"Drunken forests" in Alaska are just another sign of melting permafrost

Human activity is bad for the climate, but what waits under the Arctic is much worse.

FAIRBANKS, Alaska — In parts of Alaska, the ground is sinking so much that trees are growing almost horizontally. It's an area scientists refer to as a "drunken forest."

Researchers at NASA's Jet Propulsion Laboratory are only beginning to understand the severity of the situation. They're awaiting the results from their second yearly flight over the boreal forests of northern Alaska to look for changes in the layer of frozen soil at the root of the problem: melting permafrost.


A change in the depth of the permafrost could have frightening consequences for the climate.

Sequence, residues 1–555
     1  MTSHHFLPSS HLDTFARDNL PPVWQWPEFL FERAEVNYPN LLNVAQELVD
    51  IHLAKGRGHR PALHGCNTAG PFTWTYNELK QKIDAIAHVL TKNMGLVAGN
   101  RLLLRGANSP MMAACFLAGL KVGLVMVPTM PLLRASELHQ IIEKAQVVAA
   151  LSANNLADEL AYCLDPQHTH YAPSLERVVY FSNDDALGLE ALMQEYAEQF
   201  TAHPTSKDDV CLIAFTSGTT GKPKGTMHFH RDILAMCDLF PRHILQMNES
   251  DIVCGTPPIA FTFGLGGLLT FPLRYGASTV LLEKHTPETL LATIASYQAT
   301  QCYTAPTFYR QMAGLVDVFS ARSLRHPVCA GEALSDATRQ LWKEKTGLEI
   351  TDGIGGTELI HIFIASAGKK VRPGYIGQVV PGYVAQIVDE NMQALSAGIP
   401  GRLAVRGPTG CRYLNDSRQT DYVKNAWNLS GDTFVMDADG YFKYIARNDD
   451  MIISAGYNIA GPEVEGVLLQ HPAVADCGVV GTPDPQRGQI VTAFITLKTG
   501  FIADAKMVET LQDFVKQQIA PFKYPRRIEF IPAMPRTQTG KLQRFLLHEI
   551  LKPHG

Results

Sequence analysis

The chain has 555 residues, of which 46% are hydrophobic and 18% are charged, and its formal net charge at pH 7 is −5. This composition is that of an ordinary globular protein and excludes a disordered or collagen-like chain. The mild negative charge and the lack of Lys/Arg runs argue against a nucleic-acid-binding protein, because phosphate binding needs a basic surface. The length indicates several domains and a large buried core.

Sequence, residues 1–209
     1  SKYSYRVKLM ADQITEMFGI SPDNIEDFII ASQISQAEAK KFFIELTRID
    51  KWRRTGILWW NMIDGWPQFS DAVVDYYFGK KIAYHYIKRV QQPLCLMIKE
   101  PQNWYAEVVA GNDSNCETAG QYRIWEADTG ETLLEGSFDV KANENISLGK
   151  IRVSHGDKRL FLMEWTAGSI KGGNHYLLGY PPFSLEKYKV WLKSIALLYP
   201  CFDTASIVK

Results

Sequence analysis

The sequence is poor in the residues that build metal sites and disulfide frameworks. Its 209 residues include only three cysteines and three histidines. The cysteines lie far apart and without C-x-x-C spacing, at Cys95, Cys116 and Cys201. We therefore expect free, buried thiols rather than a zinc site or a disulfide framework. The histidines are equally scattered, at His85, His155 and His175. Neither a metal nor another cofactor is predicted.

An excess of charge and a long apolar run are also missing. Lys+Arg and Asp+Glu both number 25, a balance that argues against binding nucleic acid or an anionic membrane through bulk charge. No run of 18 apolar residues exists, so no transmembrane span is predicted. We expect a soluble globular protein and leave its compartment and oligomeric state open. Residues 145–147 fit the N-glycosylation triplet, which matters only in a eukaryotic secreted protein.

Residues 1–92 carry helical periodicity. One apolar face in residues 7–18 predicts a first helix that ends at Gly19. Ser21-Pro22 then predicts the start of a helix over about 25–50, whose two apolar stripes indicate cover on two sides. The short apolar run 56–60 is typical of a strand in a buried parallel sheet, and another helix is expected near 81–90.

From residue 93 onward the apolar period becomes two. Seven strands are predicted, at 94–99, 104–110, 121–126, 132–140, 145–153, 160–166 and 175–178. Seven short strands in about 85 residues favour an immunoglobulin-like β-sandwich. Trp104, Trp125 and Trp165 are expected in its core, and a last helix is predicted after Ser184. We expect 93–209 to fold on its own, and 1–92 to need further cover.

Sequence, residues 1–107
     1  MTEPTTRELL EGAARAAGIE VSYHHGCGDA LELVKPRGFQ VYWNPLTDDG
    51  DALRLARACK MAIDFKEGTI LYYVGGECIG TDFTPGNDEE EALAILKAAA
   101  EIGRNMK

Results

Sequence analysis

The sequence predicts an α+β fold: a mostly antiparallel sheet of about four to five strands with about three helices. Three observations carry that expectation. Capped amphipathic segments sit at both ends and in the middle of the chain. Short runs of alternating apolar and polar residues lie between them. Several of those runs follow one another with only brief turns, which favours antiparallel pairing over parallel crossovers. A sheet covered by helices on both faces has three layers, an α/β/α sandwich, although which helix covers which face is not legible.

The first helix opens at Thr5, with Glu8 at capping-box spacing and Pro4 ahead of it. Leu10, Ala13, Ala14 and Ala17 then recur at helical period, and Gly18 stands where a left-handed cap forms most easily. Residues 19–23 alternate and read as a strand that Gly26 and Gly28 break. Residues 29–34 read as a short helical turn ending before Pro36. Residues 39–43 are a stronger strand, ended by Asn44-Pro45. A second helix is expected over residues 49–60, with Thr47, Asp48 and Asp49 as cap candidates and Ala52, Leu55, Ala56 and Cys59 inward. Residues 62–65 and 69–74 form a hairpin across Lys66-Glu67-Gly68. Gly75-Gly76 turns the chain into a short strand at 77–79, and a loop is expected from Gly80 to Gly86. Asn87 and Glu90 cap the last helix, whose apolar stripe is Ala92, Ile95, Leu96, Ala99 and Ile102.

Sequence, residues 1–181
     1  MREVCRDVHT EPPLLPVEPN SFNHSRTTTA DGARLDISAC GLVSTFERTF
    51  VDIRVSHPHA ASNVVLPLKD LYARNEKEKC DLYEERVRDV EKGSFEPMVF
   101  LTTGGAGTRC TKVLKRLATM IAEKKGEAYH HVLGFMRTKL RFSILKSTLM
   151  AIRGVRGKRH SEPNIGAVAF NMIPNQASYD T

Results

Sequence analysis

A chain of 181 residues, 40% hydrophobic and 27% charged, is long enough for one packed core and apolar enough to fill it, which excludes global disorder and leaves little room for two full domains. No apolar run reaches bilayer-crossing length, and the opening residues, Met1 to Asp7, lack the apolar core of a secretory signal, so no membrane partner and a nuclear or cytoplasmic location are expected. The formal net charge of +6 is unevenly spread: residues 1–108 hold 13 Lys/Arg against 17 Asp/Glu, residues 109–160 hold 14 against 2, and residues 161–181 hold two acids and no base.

Massive stores of carbon — in the form of ancient flora and fauna — are frozen in the Arctic ground. As the ice in the permafrost melts, microbes in the soil consume that carbon and convert it into carbon dioxide and methane, two major greenhouse gases, which rise into the atmosphere.

“There's approximately 1,000 billion metric tons of organic carbon in the top three meters of soil in the permafrost,” said Charles Miller, the lead NASA climate scientist with the Arctic Boreal Vulnerability Experiment. “To put that in context, there's approximately 350 billion tons of carbon that's been released into the atmosphere from all of the human activity since the beginning of the industrial revolution. So about 3 times that amount is in those top 3 meters of permafrost.”

Recent studies, including last week's alarming United Nations climate report, have suggested the amount of green house gases released into the atmosphere from permafrost thaw has been rising as the planet warms.

"We've seen over the last 30 or 40 years, long-term records, that the temperature of the permafrost is rising dramatically," Miller said. "That can signal that we’re seeing the onset of what could be widespread permafrost thaw across the Arctic."